Much like in the pages of Grant Morrison’s latest epic ‘Batman Incorporated’, the Dark Knight is going global - filling comic shops shelves throughout the world with no less than six regular titles not to mention numerous spin-offs and a show stealing turn in DC’s summer event, ‘Flashpoint’. With an eagerly anticipated third chapter in Christopher Nolan’s blockbusting film trilogy coming soon, Bob Kane and Bill Finger’s creation has never been hotter. Like a gazillion others, I helped fill the multiplex (twice) for ‘The Dark Knight’ (2008) and look forward to next year’s ‘The Dark Knight Rises’ with eager anticipation... or do I?
During a post-Christmas Batman drought, I found myself enthralled by another Caped Crusader. I admit, the sight of ‘Batman: The Movie (Special Edition)’ (1966) starring the original Dynamic Duo of Adam West and Burt Ward, had me stupidly excited. Had I gone mad? Despite being an avid viewer in my youth, the ‘Batman’ TV series (1966) was at best the subject of mockery and at worst, a complete Bat-astrophe, the cause of many Frank Miller/Tim Burton worshipping fanboys’ collective exasperation.
Consider the character’s dark origins. A man witnesses his parents’ murder at the age of ten and embarks on an obsessive quest to inflict justice on the criminal underworld, dressed as a bat, with only a teenage acrobat and an English butler for help. Okay, it could sound pretty silly. But still, ABC’s Sixties interpretation was sillier. A camp, colourful romp, laced with innuendo and two grown men in satin shorts who really should have known better, fighting crime with an array of ridiculous gadgets (Shark Repellent Bat-Spray anyone?) and all the athletic ability of Morecombe & Wise. Holy Travesty Batman! What were they thinking?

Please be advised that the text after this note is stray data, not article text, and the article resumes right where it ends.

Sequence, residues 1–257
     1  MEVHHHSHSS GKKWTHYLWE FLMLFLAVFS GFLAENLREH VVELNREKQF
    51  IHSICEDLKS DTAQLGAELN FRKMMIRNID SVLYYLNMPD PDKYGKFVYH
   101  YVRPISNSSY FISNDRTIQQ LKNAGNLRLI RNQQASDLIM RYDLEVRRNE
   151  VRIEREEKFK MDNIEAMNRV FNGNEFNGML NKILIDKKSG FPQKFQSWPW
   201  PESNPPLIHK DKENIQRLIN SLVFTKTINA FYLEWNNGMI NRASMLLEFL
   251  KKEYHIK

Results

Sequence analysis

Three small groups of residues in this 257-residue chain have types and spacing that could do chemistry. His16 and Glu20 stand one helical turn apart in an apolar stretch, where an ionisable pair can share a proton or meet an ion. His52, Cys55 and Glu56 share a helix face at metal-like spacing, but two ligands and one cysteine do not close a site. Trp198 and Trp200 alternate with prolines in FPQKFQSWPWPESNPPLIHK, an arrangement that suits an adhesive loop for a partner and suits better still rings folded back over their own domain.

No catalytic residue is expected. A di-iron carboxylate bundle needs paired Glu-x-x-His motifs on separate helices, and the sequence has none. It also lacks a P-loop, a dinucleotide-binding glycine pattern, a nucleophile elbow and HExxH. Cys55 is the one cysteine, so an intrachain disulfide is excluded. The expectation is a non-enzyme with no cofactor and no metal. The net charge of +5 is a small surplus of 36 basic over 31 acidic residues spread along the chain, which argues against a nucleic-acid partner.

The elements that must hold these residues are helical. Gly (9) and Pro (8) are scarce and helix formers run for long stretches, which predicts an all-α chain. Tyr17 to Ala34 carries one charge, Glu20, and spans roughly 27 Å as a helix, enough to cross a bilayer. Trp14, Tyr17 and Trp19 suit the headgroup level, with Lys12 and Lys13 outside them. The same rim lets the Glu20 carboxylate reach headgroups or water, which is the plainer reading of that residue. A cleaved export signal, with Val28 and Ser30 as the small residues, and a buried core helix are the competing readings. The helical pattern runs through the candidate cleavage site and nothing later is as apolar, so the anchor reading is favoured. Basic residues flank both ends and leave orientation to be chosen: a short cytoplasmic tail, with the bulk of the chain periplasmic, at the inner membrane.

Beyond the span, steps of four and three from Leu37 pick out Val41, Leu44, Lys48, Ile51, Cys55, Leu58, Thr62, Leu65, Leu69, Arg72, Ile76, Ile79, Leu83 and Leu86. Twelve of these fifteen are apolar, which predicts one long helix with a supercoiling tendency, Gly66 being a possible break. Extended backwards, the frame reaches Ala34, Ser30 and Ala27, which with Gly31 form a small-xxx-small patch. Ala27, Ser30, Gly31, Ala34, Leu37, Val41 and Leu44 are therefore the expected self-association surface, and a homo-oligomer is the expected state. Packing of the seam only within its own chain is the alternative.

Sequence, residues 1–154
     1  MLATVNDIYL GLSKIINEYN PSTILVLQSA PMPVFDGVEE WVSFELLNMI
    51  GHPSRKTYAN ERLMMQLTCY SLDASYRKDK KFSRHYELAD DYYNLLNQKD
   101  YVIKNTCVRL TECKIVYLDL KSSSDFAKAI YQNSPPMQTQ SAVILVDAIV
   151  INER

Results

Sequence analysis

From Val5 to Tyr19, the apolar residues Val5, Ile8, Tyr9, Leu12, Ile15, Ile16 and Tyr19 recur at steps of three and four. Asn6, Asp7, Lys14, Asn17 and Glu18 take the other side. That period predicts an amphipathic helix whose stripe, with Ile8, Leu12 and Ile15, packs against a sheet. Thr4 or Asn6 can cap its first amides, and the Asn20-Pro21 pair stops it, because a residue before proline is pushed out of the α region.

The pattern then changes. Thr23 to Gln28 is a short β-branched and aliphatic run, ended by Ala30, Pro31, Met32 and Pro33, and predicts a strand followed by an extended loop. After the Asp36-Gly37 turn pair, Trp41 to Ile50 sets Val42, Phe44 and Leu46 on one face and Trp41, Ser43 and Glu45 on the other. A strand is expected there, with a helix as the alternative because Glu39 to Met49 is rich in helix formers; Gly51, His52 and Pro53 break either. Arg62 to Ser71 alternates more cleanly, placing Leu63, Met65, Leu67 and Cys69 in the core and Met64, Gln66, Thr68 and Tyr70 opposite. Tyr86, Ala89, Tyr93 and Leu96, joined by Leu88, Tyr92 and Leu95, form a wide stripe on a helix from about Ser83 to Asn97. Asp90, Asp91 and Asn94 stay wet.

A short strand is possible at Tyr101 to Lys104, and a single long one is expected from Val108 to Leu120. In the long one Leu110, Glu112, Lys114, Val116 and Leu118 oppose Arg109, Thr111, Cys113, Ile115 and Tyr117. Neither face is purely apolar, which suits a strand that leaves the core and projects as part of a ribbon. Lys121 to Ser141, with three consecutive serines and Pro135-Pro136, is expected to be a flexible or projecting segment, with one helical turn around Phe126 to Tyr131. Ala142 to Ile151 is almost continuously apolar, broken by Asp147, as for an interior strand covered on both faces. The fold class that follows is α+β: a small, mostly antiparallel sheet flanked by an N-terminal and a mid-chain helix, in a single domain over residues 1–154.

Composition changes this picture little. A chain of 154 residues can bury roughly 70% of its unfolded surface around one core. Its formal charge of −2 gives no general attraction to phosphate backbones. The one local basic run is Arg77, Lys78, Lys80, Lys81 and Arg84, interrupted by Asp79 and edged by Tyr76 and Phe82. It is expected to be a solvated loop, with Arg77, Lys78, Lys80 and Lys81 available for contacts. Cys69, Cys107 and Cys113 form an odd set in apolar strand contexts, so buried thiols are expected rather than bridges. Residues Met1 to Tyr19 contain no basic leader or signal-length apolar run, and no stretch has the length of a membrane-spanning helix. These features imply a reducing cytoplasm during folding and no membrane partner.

A true product of the Sixties, the series has an eye catching look, sharing the same primary colour palette as many genre shows of the day, the overall style somewhere between ‘Star Trek’ (1966) and ‘The Avengers’ (1961). The costumes, gadgets and set were all equally as colourful as the performances, which included a rogues’ gallery that seemed determined to out-silly each other on a weekly basis, while still staying true to the original characters.
The editing, while oft-derided as silly, is also part of the fun. As Batman and Robin lay into the villains the screen fills with pop arty sound effects such as ‘Biff!!’, ‘Zonk!’, ‘Kapow!!’ in true comic book style. The spinning scene cuts are a cool touch too, and the cliff hangers - "same Bat-time, same Bat-channel!" clearly influenced the work of current Bat-writer Grant Morrison. ‘Batman’ was colourful, harmless, family fun, but there were plenty of winks to the adults, the knowing humour predating Austin Powers by thirty years.
If nothing else, it also boasts a ridiculously catchy theme tune, which once heard, buries itself deep in your subconscious to the point where you can’t even hold a conversation without a constant "Nana nana nana nana BATMAN!" running through your head. I have to admit I was slightly miffed that the movie, produced after the first season, didn’t feature this intro, or several of the key stylistic touches mentioned above.
But we still have the iconic central duo of Adam West and Burt Ward as Batman and Robin. As the movie commentary and documentaries reveal, the two had plenty of fun during filming. West taps into the potential silliness of the character, while still owning Christian Bale in the suave, sophisticated stakes. His delivery as Bruce Wayne/Batman plays like a mash up of William Shatner and Sean Connery on acid, and Ward plays it admirably straight, with an earnest fist shake and a patented ‘Holy
Batman!’ for every occasion.
I do love Christopher Nolan’s bold, sweeping take on the Batman Saga. The themes of terrorism, organised crime and urban decay definitely reflect the times we live in. But Christian Bale, tense and dynamic as you may be, why so serious? You’re freakin’ Batman, not Vito Corleone! So please dude, forgive me if the next time I need a hero to brighten these dark days, I go with West - the original and best.
Robert Barton-Ancliffe knows that some days you just can't get rid of a bomb